A drought is when there is no rain for a long period of time in a certain area. The word drought is from the Anglo-Saxon dryge meaning the word "dry".
There are four different basic types of a drought. A permanent drought is when there is the driest climates where agriculture is impossible without continuous irrigation. Seasonal droughts occur in areas with well-defined rainy and dry seasons. In these areas, crops whither when there are unexpected rainfall failures. Seasonal droughts can occur almost anywhere but often only affect pretty small areas.
Droughts can be very dangerous. Droughts can cause famines, which in turn cause malnutrition and starvation. Disease is also a threat: inhabitants of drought-stricken areas are often forced to use contaminated water sources. Droughts pose most serious threats to agriculture in the world. In the United States, a 1983 drought caused about 10 billion dollars worth of damage to crops.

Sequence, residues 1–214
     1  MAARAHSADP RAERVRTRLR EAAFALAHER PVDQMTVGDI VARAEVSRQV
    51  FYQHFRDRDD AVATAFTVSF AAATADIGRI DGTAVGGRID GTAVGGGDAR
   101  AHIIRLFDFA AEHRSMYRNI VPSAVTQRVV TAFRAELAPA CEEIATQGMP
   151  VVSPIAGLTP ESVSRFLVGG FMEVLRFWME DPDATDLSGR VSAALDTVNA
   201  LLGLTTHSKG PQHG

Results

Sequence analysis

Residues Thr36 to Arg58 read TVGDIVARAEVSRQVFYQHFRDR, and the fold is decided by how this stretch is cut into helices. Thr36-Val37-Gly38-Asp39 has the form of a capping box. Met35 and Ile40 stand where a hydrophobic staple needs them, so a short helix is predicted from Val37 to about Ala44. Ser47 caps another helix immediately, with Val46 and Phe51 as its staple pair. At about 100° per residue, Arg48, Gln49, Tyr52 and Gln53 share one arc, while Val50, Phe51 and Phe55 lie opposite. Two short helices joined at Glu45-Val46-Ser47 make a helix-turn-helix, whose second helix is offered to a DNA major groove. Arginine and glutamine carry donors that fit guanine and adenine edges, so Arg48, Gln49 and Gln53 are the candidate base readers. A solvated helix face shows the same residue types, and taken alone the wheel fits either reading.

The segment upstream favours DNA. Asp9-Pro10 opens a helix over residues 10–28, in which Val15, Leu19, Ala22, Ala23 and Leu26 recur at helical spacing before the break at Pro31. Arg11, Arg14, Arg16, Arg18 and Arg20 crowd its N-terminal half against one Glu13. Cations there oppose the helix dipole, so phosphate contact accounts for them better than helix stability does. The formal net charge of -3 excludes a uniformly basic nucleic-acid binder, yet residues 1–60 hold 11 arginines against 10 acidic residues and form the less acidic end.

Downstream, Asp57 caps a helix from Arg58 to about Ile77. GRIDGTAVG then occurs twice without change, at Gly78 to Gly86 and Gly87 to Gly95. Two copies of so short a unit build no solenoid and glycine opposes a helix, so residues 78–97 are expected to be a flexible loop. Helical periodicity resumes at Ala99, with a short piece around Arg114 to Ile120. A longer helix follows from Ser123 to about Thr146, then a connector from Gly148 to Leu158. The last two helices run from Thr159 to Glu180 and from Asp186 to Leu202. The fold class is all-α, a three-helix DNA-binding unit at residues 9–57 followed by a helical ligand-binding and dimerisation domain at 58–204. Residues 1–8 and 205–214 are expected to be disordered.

Efforts have been made to prevent droughts by seeding clouds to induce precipitation, but they have limited success. Drought warnings should be taken very seriously. Warnings concerning the Sahel disaster were ignored a lot by African and Western governments until it was too late. In nations that have already had a drought, priorities need to be changed. A lot of the droughts occur in overpopulated countries where civil strife and war are crazy. Instead of getting irrigation and agriculture, they spent money and manpower on obtaining and using weapons.
In conclusion, droughts can be very dangerous and kill many people. They also destroy tons of crops. They should definitely not be ignored.
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